How Proposed Bill Can Ensure ADA Compliance for Bank Websites

The Americans with Disabilities Act (ADA) strives to ensure that individuals with disabilities do not get denied full participation or full benefits nor face discrimination by businesses. In an increasingly digital age where technology is constantly evolving, law such as the ADA must also adapt which can present compliance issues for individuals, businesses, and most certainly: banks. Most banks today have a website to ensure an efficient and user-friendly customer experience using the latest technology available. The ADA also applies to business websites, but there has been little official guidance as to the website compliance standards, subjecting banks to potential legal and reputational risks. Compliance Alliance in its efforts to guide banks on this issue published a Website Accessibility Checklist based on recent Department of Justice actions. However, on October 2, 2020, Congressmen Ted Budd (R-NC) and Lou Correa (D-CA) introduced the Online Accessibility Act to help businesses make their websites ADA compliant by establishing national standards.

At its outset, the bill aims to answer the longstanding question for businesses and banks when it comes to making their websites ADA compliant: what is the standard? If this bill becomes law, the standard becomes attaining Level A and Level AA compliance with the Web Content Accessibility Guidelines (WCAG) established by the Accessibility Guidelines Working Group. If a website does not meet WCAG standards, then the business that owns it must provide alternative means of access for individuals with disabilities equivalent to the content available on its website. So, what exactly are these standards and how can banks make sure their websites conform to them? Fortunately, our Website Accessibility Checklist for banks as discussed earlier covers these standards.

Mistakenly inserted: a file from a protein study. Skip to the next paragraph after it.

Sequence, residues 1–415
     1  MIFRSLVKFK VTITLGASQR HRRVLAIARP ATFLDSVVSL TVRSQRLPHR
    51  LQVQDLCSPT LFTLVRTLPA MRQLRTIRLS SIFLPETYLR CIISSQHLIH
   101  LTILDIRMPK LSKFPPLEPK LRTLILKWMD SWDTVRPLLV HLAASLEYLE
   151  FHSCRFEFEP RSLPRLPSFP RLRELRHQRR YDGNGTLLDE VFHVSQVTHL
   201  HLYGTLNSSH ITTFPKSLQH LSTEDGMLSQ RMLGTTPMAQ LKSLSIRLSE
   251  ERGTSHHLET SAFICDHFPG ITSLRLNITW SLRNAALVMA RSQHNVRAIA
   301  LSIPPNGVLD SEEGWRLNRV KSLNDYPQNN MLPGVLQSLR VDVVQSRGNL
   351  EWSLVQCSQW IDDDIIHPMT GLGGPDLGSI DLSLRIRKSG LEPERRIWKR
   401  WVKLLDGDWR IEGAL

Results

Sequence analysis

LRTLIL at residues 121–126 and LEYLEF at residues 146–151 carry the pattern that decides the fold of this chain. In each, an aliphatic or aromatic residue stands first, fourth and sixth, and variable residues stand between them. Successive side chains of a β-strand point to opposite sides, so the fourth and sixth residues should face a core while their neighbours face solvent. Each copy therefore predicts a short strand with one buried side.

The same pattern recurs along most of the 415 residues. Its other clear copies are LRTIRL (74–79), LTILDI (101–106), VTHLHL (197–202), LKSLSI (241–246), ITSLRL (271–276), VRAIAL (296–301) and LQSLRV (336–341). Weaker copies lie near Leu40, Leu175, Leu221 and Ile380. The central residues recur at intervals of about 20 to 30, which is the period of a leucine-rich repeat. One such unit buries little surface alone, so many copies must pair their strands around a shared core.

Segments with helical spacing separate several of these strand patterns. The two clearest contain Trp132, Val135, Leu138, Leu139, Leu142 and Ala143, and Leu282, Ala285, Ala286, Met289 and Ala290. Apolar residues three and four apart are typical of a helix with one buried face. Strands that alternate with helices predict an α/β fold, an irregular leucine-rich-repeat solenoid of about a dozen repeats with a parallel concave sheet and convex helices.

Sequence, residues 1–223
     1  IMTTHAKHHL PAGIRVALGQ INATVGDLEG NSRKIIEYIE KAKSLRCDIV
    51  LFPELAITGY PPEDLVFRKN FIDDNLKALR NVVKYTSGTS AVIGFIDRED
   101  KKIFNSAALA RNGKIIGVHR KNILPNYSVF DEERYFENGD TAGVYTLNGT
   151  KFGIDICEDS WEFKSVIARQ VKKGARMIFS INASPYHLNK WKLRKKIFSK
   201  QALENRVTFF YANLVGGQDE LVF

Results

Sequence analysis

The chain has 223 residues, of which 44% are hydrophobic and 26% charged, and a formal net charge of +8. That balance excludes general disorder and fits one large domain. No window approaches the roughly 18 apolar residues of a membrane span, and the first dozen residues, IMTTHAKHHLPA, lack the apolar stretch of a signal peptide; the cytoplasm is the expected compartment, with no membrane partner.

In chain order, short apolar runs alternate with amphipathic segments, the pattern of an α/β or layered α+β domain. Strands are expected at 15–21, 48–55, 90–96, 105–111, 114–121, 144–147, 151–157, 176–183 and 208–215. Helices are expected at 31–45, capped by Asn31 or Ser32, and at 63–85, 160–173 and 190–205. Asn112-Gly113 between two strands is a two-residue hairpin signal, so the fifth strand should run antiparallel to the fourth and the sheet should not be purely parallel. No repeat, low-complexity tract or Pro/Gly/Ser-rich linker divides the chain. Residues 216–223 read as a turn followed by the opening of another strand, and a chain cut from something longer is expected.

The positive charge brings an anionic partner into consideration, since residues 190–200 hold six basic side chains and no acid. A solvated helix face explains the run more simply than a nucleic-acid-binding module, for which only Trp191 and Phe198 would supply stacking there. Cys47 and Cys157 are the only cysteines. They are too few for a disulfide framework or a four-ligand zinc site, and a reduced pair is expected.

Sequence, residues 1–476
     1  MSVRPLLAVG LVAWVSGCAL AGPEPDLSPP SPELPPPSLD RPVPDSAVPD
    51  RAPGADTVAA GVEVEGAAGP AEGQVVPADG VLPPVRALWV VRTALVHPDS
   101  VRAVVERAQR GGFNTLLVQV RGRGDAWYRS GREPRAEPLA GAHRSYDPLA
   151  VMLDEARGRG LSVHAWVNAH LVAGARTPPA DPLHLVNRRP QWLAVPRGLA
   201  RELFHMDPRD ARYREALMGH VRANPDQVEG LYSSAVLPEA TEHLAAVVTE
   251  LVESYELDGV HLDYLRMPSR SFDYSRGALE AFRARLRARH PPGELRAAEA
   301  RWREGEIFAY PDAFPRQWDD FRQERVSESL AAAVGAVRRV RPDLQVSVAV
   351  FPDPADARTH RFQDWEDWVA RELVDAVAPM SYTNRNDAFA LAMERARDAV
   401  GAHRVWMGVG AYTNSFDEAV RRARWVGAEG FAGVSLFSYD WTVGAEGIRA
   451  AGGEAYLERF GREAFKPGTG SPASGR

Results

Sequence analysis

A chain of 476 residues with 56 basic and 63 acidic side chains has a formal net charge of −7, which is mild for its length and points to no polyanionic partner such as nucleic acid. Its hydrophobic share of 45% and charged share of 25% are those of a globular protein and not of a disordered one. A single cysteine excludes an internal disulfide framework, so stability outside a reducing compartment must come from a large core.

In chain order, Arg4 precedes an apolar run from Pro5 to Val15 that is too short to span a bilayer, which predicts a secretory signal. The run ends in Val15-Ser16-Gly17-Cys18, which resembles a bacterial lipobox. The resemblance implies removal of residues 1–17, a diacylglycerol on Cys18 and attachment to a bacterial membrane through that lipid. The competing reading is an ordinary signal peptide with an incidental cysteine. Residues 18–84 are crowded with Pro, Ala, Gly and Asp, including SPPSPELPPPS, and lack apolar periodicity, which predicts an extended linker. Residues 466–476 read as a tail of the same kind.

Our checklist goes through lists of possible solutions for you to meet web guidelines. One pillar of the guidelines is to provide text alternatives for all non-text content. For example, functional images or other interactive elements on your website should have text alternatives that state the element’s purpose. In providing alternatives for multimedia aspects, you can provide a text transcript of any non-live, web-based audio you have on your website. The guidelines also require you provide input assistance in helping users avoid and correct mistakes. Here, providing labels, instructions, and even examples are crucial when content requires users to input information and they be properly positioned on a page to provide the most clarity. When an input error occurs, it may be good practice to have your website provide suggestions to fix the error in a timely manner.

While the bill also aims to reduce litigation due to a business’s website, a key takeaway is that the WCAG our checklist goes through would transform from suggestive guidelines to required law for ADA website compliance, providing clarity as to how banks should approach this issue. In the meantime, consider working through our checklist for each guideline and implementing solutions to make your sites more accessible. As technology advances, law and compliance must always adapt.